Veiltail Angelfish (Design by Satoshi Kamiya)

Veiltail Angelfish (Design by Satoshi Kamiya)
Satoshi Kamiya's Veiltail Angelfish

This is a design which has been on my Origami To-Do list for quite some time, now. I have been putting it off for as long as I can remember because I know that I usually sit with complex models for a really long time to complete them.

This took me 4 hours over 2 Sundays to complete it – not folding it continuously. There are 114 steps in all, not counting the repeats – and this is where, I daresay, I got side-tracked and delayed the completion of it.

Pack Tissue-foil Papers - 24 sheets - 30x30cm (11.8

Paper to use:
This model is best folded with pliable, thin paper because of the numerous layers and folding techniques involved. I have folded my rendition in Metallic Foil paper which I purchased from Nicolas Terry’s – Pack Tissue-foil Papers – 24 sheets – 30x30cm (11.8″x11.8″) – measuring 30 cms in size, single side colored. I found it easy to fold and shape the model (note the ‘pleating’ for the fins) in the end with this paper.

How to Fold the Veiltail Angelfish:
The diagrams to this amazing design are in the Tanteidan Magazine # 120 which you can back order from Japan Origami Society as well as in Origami Works of Satoshi Kamiya 3. This is a complex design to fold and is not for beginners and those who are not experienced in folding sinks, collapses and other complicated folds / techniques.

The end result is really pretty and will make a nice show piece on your Origami shelf. I enjoyed folding this model, even though there were a lot of repetitions involved in the process. The ending steps for shaping the design is the main part of the folding process which gives this fish a very delicate characteristic.

Christmas Lantern (Design by Ancella Simoes)

Christmas Lantern (Design by Ancella Simoes)
Christmas Lantern (Design by Ancella Simoes)

The countdown to Christmas has already started and I have been busy deciding on the Christmas decorations and getting started on the decorating, too. I always make it a point to fold a few Origami ornaments or hangings for Christmas so I have been quite excited about what to fold and where to put it.

Tinkering around with a model – Tripoli – which I had come up with a few months ago, I came up with a great design which is apt for the Holiday Season!

Paper to use:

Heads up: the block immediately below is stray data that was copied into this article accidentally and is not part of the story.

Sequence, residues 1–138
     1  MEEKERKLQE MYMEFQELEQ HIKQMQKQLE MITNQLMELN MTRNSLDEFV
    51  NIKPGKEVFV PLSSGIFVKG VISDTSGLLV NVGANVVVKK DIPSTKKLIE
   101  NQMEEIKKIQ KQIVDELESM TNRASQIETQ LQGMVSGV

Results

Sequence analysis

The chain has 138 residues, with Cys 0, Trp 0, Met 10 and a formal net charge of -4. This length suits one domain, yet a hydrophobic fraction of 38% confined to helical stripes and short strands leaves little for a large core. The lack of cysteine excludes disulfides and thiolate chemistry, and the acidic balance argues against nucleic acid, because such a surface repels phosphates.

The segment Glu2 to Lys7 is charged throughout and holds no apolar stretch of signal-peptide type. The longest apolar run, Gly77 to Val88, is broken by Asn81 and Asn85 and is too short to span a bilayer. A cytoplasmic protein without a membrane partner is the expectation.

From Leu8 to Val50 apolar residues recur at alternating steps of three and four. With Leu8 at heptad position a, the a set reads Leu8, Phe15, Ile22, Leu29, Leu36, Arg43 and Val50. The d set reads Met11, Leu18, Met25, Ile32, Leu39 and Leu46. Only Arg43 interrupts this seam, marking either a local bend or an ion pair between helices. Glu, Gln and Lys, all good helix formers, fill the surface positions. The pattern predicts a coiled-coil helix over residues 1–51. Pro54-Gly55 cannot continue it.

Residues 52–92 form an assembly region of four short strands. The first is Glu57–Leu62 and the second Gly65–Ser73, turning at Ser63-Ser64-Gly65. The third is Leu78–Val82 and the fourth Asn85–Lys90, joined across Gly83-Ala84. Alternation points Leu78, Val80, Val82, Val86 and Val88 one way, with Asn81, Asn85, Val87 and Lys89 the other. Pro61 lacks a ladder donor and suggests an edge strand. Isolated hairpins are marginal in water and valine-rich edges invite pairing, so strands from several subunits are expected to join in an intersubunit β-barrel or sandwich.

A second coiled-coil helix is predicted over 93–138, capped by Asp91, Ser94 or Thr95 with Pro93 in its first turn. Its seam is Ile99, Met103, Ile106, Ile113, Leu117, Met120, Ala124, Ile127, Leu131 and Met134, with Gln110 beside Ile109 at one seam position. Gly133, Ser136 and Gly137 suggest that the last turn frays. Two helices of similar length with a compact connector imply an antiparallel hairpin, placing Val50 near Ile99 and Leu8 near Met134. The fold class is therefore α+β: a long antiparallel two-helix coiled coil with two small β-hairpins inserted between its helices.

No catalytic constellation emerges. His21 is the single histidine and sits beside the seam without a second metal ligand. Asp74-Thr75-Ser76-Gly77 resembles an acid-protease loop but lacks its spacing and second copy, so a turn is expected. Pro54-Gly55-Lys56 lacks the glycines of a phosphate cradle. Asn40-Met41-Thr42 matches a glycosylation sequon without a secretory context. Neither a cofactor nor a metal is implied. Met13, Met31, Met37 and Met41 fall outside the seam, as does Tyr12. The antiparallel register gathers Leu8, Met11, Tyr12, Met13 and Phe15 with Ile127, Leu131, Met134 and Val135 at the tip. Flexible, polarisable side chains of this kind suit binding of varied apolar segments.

The units in this lantern design requires shaping, hence it is recommended that foil paper be used for folding. My version of the model is folded with single-side colored foil paper which I have purchased from Michaels – they have a lot of plain colored, printed, and foil origami paper in their paper aisle.

You could also use duo-colored paper (instead of just single side colored paper) – this would avoid the ‘white areas’ from appearing in between the assembled model. Another idea would be to make use of christmas themed wrapping paper to fold this lantern. These days, you can get foil like wrapping paper (not the flimsy type) in the local stores, too.

How to fold this design:
I am in the process of diagramming this design so the folding sequence will be available to you shortly. The only complicated step in the folding process is a sink which I have incorporated – so this model is pretty much simple to fold.

Update: The Diagrams to this model are available in the annual Christmas Origami Book 2011 which was released on 27th of December 2011.

These would make a great hanging for your home or on the Christmas tree itself. I will be folding a few of these to deck up my place, at least! 🙂

‘Twirl’ Ring (Design by Krystyna Burczyk)

'Twirl' Ring (Design by Krystyna Burczyk)
'Twirl' Ring (Design by Krystyna Burczyk)

This is my first attempt at folding Krystyna Burczyk’s origami models and I found that her designs are simple and fun to fold. She has many designs based on Twirls which are modular by nature and she has released around 3 books with their diagrams. I think her books also include variations on the folding.